Domestic Violence Awareness Month – Know the Signs

It’s probably no coincidence that Bullying Awareness and Domestic Violence Awareness occur within the same month. Both address assaults on human dignity. Both also have the capacity to inflict multiple types of trauma on the most vulnerable among us, particularly children and women. And since Saint Francis Ministries works hard to be fully trauma-informed, and since most of the people with whom we work are dealing with some form of trauma, we make a point to raise awareness about both bullying and domestic violence.

Today, we’ll discuss the latter. Let’s start with a definition, courtesy of the National Domestic Violence Prevention Hotline: “Domestic violence (also referred to as intimate partner violence (IPV), dating abuse, or relationship abuse) is a pattern of behaviors used by one partner to maintain power and control over another partner in an intimate relationship.”

Signs that you might be in an abusive relationship include:

  • Telling you that you never do anything right.
  • Showing extreme jealousy of your friends or time spent away from them.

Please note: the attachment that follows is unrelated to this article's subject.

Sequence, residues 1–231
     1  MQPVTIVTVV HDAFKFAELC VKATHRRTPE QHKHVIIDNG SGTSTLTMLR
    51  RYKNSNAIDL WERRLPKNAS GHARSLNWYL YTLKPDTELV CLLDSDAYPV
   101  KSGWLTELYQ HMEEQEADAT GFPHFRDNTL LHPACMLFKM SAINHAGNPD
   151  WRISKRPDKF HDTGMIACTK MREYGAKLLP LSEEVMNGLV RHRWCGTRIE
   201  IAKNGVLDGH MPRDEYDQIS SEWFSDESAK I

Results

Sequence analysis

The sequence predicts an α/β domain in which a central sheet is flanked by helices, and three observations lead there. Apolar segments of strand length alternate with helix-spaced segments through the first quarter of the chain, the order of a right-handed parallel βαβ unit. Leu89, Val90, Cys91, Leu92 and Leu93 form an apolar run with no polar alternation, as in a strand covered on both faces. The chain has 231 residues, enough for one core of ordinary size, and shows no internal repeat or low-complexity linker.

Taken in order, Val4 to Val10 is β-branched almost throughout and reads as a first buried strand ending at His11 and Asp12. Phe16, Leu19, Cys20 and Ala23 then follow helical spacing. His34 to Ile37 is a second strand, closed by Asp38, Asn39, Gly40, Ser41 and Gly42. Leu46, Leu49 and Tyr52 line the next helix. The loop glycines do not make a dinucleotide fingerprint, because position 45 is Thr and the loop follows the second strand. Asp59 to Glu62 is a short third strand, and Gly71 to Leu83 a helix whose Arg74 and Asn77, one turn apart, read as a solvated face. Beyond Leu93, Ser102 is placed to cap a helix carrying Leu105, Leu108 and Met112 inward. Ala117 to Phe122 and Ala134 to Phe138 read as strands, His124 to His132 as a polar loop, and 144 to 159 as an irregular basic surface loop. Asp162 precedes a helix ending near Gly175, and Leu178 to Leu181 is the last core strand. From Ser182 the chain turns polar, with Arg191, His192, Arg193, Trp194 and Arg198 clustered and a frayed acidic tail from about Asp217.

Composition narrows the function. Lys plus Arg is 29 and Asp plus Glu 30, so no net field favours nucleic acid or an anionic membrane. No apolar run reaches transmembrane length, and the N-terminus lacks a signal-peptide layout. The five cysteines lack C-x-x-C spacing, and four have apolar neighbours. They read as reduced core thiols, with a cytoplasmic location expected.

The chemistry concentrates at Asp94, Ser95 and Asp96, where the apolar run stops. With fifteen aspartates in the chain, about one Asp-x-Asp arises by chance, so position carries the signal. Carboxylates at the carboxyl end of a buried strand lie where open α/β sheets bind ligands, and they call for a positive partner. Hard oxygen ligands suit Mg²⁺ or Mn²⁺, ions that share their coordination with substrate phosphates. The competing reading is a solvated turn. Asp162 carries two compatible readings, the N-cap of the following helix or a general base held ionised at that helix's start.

• Preventing or discouraging you from spending time with friends, family members, or peers.
  • Insulting, demeaning, or shaming you, especially in front of other people.
  • Preventing you from making your own decisions, including about working or attending school.
  • Controlling finances in the household without discussion, including taking your money or refusing to provide money for necessary expenses.
  • Pressuring you to have sex or perform sexual acts you’re not comfortable with.
  • Pressuring you to use drugs or alcohol.
  • Intimidating you through threatening looks or actions.
  • Insulting your parenting or threatening to harm or take away your children or pets.
  • Intimidating you with weapons like guns, knives, bats, or mace.
  • Destroying your belongings or your home.

No one is immune from domestic violence; it can affect anybody – even men. And a home in which domestic violence occurs is not a good place for children. They can experience trauma simply by witnessing abuse of a parent, or by receiving abuse as well.

So, what causes domestic violence? Why would someone inflict such harm on those a person supposedly loves the most? This is an important question because knowing the causes is the only way to discern paths to prevention. We’ll talk about those causes in a future post.

In the meantime, if you or someone you know being abuse, call the Hotline at 1-800-799-(SAFE) 7233. They’ll connect you with resources and share ways you (and your kids) can escape a dangerous situation.

Picture of Shane Schneider
Shane Schneider

Shane is the Editorial Content Manager for the Marketing and Communications Department at Saint Francis Ministries.

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